Monday, July 18, 2016

A word about Brownfields cleanups in Rochester, NY

Whenever you hear businesses complain about the financial burdens of environmental regulations, think of Brownfields. Brownfields are abandoned sites, usually in urban locations, that are tainted by either real or perceived contamination, making them undesirable for private redevelopment efforts. Not to mention, Brownfields (like Love Canal) are public health scourges.

Brownfields aren’t an indispensable part of doing business; Brownfields happen when you aren’t conducting a business properly.

Ironically, the City of Rochester characterizes the cleanup of Brownfields as an opportunity, which is true I suppose if you view cleaning up urban areas unfit for human habitation as job creators. Even the EPA frames their Brownfields Program this way: “…creates many benefits for local communities”.

If you are able to glean the necessary funds to provide these jobs from the state or (even better) from the actual businesses that created these environmental disasters, then I’m sure there are jobs to be had. I get the part about making the best of a bad situation but I hope by describing the cleanup of Brownfields as opportunities we don’t put ourselves in the absurd position of encouraging Brownfields so folks can get jobs. (I know, as our present economics are practiced, this toxic waste circle-jerk would make sense, but in the real world dumping and leaving toxic waste behind never, ever makes sense.)

Cleaning up Brownfields “especially those in areas characterized by high poverty, unemployment or other indicators of community distress” is critical in preparing for Climate Change.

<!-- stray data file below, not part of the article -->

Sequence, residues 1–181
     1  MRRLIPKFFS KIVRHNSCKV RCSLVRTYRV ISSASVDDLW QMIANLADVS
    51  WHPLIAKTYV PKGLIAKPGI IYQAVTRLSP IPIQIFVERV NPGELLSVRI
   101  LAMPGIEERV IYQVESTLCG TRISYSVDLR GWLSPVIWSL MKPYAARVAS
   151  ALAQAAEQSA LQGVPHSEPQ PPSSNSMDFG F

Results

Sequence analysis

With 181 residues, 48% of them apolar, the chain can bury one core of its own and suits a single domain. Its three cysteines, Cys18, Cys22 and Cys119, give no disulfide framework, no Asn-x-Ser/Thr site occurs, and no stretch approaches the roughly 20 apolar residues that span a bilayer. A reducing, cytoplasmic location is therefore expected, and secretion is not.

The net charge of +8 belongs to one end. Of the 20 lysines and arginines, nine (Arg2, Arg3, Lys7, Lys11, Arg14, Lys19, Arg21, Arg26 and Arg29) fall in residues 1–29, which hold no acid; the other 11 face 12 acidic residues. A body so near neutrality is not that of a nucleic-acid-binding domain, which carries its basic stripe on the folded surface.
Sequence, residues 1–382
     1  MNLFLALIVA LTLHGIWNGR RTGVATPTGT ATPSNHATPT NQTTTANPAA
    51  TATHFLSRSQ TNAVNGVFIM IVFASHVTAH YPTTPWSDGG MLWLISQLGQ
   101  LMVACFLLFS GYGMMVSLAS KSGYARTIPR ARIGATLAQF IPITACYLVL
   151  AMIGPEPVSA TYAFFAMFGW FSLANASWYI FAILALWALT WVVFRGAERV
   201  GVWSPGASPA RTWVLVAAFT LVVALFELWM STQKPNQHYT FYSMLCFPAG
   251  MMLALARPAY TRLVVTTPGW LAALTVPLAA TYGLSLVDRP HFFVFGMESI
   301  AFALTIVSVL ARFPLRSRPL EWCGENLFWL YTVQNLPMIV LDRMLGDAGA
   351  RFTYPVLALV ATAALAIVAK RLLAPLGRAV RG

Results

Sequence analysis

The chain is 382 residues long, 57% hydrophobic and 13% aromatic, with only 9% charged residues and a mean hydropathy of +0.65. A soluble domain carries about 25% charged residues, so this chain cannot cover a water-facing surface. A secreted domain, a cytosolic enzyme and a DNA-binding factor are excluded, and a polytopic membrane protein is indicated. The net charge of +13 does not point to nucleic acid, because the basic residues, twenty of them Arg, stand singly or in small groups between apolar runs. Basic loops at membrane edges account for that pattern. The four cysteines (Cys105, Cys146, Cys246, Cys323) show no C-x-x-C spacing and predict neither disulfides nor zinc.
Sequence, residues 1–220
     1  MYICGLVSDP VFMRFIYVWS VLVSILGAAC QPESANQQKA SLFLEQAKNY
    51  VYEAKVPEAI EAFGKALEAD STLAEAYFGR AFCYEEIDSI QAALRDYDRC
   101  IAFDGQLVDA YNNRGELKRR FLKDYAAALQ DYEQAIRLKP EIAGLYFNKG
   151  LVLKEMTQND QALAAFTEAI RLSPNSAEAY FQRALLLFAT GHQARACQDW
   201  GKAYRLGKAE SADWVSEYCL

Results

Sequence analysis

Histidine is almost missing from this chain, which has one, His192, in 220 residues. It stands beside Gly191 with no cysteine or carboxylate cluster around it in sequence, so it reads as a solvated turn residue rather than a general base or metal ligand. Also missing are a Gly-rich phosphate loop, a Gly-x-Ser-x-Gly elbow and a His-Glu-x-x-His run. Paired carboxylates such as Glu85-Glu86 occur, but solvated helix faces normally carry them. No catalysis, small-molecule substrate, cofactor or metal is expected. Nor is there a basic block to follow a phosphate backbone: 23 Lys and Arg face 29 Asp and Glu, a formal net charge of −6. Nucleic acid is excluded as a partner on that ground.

NEWS RELEASE - EPA AWARDS ROCHESTER $200,000 FOR ENVIRONMENTAL CLEANUP Mayor Lovely A. Warren announced today that the U.S. Environmental Protection Agency (EPA) has awarded the City of Rochester $200,000 in supplemental funding for the City’s Brownfields Cleanup Revolving Loan Fund. The funding will be used for cleanup and re-use efforts at contaminated manufacturing sites, especially those in areas characterized by high poverty, unemployment or other indicators of community distress.  “These funds will advance our efforts to help city neighborhoods that have suffered from neglect and disinvestment,” said Mayor Warren. “Cleaning up these contaminated properties in our most challenged neighborhoods is critical to our efforts to create more jobs, safer more vibrant neighborhoods and better educational opportunities in our schools. (July 13, 2016) City of Rochester, NY

Many of our Brownfields exist within poverty areas so when more extreme weather comes with Climate Change it is more likely that toxic leaching due to frequent, heavy flooding that will put more pressure on the public health in areas least prepared for these increased environmental hazards. Climate justice demands that Brownfields in poor areas get cleaned up immediately.  

I don’t know how many Brownfields there are in Rochester, Monroe County, or New York State—or the world for that matter. I don’t know how a Brownfield gets cleaned up in such a way that the contaminated area is entirely free to operate again as a healthy component of any ecosystem. I don’t know the best way to fund the cleanup of Brownfields so that the businesses who get the public money for cleaning up Brownfields use these funds or tax breaks for the intended purpose.

I do know that Brownfields are unacceptable no matter how they are characterized. And, I know that to prepare best so we can adapt to Climate Change, we need to get these damned places cleaned up.


Time passes. 

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